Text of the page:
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Medications for Premenstrual Syndrome (PMS)

Here are the basics about each of the medicines below. Only common problems with them are listed.

Over-the-Counter Medicines

Nonsteroidal Anti-Inflammatory Drugs

  • Ibuprofen
  • Naproxen sodium

Prescription Medications

Oral Contraceptives

  • Estrogen and progestin taken together
  • Progestin only

Selective Serotonin Reuptake Inhibitors (SSRIs)

  • Citalopram
  • Fluvoxamine
  • Paroxetine
  • Fluoxetine
  • Sertraline

Benzodiazepines

  • Alprazolam
  • Lorazepam

Over-the-Counter Medicines

 

Nonsteroidal Anti-Inflammatory Drugs (NSAIDs)

Common names are:

  • Ibuprofen
  • Naproxen sodium

NSAIDs may ease cramps, headaches, and back and breast pain.

Problems may be:

  • Belly pain or discomfort
  • Heartburn
  • Indigestion
  • Nausea and vomiting

Prescription Medications

 

Oral Contraceptives

Hormonal contraceptives suppress ovulation, so they may provide PMS relief in many women. Combined oral contraceptive pills (which contain both estrogen and progestin) or a progestin-only contraceptive may be used.

Problems may be:

  • Mood changes
  • Tender breasts
  • Headaches
  • Spotting
 

Selective Serotonin Reuptake Inhibitors (SSRIs)

Common names are:

  • Citalopram
  • Fluvoxamine
  • Paroxetine
  • Fluoxetine
  • Sertraline

SSRIs are used to treat premenstrual dysphoric disorder (PMDD), a rare and severe form of PMS. It can help ease depression, irritability, and some physical symptoms. SSRIs may also be helpful to women who have severe PMS.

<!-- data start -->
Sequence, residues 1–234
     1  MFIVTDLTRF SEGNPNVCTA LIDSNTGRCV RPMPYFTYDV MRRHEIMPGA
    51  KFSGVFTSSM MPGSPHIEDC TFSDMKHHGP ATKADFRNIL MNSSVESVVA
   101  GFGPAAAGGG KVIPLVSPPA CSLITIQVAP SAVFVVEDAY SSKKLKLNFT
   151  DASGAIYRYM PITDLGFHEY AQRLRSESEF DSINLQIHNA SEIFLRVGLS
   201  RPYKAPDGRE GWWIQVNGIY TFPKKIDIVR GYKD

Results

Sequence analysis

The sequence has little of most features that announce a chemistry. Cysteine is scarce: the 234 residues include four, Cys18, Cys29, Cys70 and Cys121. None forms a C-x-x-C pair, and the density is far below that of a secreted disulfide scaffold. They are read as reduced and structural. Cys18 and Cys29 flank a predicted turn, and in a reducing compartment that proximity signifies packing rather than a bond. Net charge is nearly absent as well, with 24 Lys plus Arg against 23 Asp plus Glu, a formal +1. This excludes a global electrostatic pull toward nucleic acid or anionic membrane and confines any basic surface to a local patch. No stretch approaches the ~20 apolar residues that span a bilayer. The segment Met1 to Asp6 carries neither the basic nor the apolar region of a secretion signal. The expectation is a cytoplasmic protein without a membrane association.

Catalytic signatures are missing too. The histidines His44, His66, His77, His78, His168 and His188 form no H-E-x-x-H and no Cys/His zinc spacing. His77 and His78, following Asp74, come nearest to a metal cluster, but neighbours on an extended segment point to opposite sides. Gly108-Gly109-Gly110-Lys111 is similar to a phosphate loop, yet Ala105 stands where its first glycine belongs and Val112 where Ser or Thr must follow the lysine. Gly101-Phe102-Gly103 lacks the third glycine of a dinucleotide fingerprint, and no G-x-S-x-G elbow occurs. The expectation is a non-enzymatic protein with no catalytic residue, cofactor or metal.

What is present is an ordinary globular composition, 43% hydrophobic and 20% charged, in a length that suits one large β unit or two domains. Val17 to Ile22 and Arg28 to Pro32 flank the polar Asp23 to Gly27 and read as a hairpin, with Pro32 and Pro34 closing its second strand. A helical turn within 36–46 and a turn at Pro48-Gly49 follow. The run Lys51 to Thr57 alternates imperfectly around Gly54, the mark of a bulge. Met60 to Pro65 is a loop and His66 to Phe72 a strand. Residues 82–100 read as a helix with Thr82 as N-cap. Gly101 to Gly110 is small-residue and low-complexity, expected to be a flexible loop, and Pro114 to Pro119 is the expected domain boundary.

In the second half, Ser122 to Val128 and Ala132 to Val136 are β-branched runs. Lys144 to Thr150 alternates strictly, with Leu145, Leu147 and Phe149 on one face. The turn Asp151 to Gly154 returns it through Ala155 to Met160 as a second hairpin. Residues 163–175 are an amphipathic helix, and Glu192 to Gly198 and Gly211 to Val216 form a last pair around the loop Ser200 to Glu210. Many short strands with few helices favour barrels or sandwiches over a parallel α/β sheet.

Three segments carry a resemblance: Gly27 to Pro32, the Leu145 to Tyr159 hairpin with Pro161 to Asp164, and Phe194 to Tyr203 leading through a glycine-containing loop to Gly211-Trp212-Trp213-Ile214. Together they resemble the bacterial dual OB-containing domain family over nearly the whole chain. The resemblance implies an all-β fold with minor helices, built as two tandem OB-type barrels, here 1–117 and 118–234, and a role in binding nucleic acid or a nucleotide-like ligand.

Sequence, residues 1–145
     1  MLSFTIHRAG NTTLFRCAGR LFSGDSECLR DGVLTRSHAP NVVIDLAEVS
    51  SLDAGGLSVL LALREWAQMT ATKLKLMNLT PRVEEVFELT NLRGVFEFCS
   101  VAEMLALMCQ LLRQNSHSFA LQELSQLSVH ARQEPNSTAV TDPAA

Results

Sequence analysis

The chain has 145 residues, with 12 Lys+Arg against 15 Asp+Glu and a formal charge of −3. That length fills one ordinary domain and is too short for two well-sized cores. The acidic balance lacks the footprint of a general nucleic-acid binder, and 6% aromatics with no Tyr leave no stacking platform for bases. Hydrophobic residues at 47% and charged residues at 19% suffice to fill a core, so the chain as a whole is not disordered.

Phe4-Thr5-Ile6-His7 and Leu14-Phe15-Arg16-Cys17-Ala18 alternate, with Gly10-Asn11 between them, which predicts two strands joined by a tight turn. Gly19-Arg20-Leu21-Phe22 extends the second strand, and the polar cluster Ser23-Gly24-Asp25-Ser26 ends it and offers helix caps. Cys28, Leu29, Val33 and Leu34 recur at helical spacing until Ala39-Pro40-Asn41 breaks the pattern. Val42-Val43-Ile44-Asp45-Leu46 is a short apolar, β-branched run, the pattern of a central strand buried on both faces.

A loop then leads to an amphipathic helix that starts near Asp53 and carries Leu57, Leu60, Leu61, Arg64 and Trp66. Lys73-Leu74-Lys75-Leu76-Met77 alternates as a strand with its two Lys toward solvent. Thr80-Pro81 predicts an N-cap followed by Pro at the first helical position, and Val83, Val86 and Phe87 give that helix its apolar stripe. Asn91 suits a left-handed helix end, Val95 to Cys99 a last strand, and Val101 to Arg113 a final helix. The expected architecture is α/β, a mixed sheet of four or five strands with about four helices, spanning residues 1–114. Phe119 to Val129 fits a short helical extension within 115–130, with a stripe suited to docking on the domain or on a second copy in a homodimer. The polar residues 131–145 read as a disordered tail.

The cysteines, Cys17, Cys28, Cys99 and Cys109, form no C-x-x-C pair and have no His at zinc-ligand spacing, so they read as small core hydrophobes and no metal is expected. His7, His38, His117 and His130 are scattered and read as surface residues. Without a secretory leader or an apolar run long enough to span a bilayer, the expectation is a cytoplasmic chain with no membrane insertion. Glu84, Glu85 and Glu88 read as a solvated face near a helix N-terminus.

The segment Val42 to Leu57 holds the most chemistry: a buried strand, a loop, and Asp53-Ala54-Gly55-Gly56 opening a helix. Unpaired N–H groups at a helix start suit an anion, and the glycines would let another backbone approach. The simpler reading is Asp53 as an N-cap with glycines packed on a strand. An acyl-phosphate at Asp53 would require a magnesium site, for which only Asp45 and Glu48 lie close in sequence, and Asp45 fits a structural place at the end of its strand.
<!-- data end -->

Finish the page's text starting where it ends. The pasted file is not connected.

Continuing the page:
Problems may be:

  • Nausea
  • Diarrhea
  • Insomnia
  • Sexual problems
  • Weight gain
  • Risk of severe mood and behavior changes, including suicidal thoughts in some people (Young adults may be at a higher risk.)
 

Benzodiazepines

Common names are:

  • Alprazolam
  • Lorazepam

Benzodiazepines may help women who have severe premenstrual anxiety that is not eased by other methods. These drugs can cause dependency when used for three months or more.

Problems may be:

  • Drowsiness
  • Lightheadedness
REFERENCES:

Premenstrual syndrome. EBSCO DynaMed website. Available at:https://www.dynamed.com/condition/premenstrual-syndrome. Updated August 22, 2019. Accessed January 16, 2020.

Premenstrual syndrome (PMS). Family Doctor—American Academy of Family Physicians website. Available at: http://familydoctor.org/familydoctor/en/diseases-conditions/premenstrual-syndrome-pms.html. Updated July 25, 2018. Accessed January 16, 2020.

Premenstrual syndrome (PMS) fact sheet. Office on Women's Health website. Available at: http://www.womenshealth.gov/publications/our-publications/fact-sheet/premenstrual-syndrome.html. Updated March 16, 2018. Accessed January 16, 2020.

Last reviewed September 2019 by EBSCO Medical Review Board Beverly Siegal, MD, FACOG  Last Updated: 1/16/2020